No one at the Lab Middle School for Collaborative Studies works harder than Stacey Isaacson, a seventh-grade English and social studies teacher. She is out the door of her Queens home by 6:15 a.m., takes the E train into Manhattan and is standing out front when the school doors are unlocked, at 7. Nights, she leaves her classroom at 5:30. . . .
Her principal, Megan Adams, has given her terrific reviews during the two and a half years Ms. Isaacson has been a teacher. . . . The Lab School has selective admissions, and Ms. Isaacson’s students have excelled. Her first year teaching, 65 of 66 scored proficient on the state language arts test, meaning they got 3′s or 4′s; only one scored below grade level with a 2. More than two dozen students from her first two years teaching have gone on to . . . the city’s most competitive high schools. . . .
You would think the Department of Education would want to replicate Ms. Isaacson . . . Instead, the department’s accountability experts have developed a complex formula to calculate how much academic progress a teacher’s students make in a year — the teacher’s value-added score — and that formula indicates that Ms. Isaacson is one of the city’s worst teachers.
According to the formula, Ms. Isaacson ranks in the 7th percentile among her teaching peers — meaning 93 per cent are better. . . .
How could this happen to Ms. Isaacson? . . . Everyone who teaches math or English has received a teacher data report. On the surface the report seems straightforward. Ms. Isaacson’s students had a prior proficiency score of 3.57. Her students were predicted to get a 3.69 — based on the scores of comparable students around the city. Her students actually scored 3.63. So Ms. Isaacson’s value added is 3.63-3.69.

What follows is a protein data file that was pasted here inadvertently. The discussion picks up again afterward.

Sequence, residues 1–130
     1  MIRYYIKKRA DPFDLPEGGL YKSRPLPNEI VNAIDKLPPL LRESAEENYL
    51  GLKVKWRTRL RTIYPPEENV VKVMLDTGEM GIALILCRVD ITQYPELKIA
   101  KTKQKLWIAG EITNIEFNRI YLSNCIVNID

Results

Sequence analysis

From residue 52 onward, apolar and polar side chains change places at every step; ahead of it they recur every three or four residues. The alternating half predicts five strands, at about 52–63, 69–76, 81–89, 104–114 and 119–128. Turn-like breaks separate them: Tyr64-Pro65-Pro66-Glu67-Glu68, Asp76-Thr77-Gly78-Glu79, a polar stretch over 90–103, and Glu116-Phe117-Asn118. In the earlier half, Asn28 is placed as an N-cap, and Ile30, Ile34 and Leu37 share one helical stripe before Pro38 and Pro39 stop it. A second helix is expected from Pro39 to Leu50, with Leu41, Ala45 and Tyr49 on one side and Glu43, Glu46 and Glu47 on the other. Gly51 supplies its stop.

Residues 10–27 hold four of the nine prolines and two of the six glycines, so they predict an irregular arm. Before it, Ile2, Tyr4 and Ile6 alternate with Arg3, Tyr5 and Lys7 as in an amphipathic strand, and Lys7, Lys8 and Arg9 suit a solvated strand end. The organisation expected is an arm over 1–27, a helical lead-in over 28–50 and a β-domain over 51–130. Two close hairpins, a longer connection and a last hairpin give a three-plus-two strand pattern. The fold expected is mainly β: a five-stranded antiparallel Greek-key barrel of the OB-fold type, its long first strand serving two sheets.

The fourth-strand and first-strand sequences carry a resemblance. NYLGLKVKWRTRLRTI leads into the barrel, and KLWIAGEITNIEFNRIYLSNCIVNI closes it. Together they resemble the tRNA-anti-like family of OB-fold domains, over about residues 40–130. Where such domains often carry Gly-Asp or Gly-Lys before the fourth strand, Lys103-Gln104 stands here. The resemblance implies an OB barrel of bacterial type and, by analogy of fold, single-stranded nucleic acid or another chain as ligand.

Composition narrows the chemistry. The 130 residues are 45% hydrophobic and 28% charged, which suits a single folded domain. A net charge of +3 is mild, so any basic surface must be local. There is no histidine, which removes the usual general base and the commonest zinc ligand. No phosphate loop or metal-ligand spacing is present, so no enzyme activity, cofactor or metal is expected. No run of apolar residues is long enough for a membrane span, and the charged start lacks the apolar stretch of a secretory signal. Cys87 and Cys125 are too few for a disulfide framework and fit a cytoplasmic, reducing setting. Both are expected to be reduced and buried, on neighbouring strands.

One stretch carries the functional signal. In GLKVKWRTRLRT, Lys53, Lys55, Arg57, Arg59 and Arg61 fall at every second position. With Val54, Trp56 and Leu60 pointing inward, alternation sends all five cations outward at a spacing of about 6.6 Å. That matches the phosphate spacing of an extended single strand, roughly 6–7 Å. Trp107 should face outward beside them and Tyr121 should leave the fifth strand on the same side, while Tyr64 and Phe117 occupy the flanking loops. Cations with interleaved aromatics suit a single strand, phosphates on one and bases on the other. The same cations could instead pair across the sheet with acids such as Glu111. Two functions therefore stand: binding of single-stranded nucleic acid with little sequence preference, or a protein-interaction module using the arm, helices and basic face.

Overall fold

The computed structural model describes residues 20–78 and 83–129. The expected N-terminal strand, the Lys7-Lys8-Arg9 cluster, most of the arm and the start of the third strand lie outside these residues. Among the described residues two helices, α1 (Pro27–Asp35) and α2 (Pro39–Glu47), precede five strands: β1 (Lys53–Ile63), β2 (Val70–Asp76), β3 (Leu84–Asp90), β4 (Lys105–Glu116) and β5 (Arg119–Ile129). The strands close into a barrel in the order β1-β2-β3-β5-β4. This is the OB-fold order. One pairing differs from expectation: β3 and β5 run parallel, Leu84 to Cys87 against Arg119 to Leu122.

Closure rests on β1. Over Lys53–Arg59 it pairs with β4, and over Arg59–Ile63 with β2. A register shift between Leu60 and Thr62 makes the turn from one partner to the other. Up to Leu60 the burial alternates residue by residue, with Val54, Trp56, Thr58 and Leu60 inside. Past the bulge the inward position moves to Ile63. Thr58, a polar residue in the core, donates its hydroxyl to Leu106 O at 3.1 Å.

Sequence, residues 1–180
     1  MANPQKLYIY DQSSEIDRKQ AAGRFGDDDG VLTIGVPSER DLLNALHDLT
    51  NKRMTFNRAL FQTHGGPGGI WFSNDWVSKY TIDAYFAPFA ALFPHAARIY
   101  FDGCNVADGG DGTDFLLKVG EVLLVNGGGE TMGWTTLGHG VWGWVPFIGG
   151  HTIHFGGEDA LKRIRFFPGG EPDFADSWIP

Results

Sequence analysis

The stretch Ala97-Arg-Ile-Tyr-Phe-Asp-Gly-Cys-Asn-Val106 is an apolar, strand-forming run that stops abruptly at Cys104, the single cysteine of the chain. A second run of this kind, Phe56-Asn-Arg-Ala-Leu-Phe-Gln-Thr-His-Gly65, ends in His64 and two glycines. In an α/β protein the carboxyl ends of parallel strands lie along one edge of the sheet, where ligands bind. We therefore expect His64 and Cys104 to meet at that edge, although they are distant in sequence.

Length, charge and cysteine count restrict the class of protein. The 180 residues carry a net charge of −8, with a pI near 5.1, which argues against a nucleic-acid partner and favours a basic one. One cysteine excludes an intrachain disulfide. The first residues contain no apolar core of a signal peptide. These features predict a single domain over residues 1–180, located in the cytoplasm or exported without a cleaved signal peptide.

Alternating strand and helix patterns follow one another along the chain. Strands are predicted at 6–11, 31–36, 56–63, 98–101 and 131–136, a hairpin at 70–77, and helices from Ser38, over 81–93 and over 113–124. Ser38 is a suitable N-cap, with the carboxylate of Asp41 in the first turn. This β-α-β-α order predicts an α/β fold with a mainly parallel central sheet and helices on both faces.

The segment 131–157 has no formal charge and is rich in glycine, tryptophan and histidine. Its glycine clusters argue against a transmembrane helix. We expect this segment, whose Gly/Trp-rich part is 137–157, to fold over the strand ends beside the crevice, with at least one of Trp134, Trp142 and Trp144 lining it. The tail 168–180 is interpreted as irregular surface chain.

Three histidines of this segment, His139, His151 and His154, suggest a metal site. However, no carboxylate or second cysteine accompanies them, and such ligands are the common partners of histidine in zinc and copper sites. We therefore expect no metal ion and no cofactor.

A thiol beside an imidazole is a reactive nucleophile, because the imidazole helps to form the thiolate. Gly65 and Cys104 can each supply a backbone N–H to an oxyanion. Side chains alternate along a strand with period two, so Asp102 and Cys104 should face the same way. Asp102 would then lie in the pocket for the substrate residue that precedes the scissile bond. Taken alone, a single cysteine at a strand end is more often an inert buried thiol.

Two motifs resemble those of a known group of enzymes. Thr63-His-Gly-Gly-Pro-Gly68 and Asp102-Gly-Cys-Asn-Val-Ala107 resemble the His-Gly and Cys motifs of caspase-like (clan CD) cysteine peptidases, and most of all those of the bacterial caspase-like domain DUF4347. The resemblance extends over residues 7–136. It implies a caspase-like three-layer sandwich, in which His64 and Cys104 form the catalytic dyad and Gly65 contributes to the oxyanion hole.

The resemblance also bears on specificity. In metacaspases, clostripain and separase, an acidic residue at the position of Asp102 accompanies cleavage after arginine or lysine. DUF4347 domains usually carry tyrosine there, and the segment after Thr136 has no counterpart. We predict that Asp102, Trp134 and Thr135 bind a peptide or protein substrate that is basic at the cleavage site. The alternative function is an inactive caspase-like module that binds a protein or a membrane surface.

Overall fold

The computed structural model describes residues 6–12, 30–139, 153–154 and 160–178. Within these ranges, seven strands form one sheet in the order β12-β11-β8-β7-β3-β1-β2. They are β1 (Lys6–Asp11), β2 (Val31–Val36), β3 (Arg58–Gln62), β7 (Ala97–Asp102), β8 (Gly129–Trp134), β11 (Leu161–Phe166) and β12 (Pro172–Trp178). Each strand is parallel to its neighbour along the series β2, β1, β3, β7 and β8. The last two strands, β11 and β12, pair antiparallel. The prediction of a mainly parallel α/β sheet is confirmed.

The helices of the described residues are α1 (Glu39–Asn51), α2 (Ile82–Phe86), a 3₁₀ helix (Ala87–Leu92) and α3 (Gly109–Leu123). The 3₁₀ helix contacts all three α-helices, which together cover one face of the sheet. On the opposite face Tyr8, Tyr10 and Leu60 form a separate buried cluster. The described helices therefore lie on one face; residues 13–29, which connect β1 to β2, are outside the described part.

Remember, the exam is on a 1-4 scale, and we were already told that 65 out of 66 students scored 3 or 4, so an average of 3.63 (or, for that matter, 3.69) is plausible. The 3.57 is “the average prior year proficiency rating of the students who contribute to a teacher’s value added score.” I assume that the “proficiency rating” is the same as the 1-4 test score but I can’t be sure.
The predicted score is, according to Winerip, “based on 32 variables — including whether a student was retained in grade before pretest year and whether a student is new to city in pretest or post-test year. . . . Ms. Isaacson’s best guess about what the department is trying to tell her is: Even though 65 of her 66 students scored proficient on the state test, more of her 3s should have been 4s.”
This makes sense to me. Winerip seems to presenting this is as some mysterious process but it seems pretty clear to me. A “3″ is a passing grade, but if you’re teaching in a school with “selective admissions” with the particular mix of kids that this teacher has, the expectation is that most of your students will get “4″s.
We can work through the math (at least approximately). We don’t know this teacher’s students did this year so I’ll use the data given above, from her first year. Suppose that x students in the class got 4′s, 65-x got 3′s, and one student got a 2. To get an average of 3.63, you need 4x + 3(65-x) + 2 = 3.63*66. That is, x = 3.63*66 – 2 – 3*65 = 42.58. This looks like x=43. Let’s try it out: (4*43 + 3*22 + 2)/66 = 3.63 (or, to three decimal places, 3.636). This is close enough for me. To get 3.69 (more precisely, 3.697), you’d need 47 4′s, 18 3′s, and a 2. So the gap would be covered by four students (in a class of 66) moving up from a 3 to a 4. This gives a sense of the difference between a teacher in the 7th percentile and a teacher in the 50th.
I wonder what this teacher’s value-added scores were for the previous two years.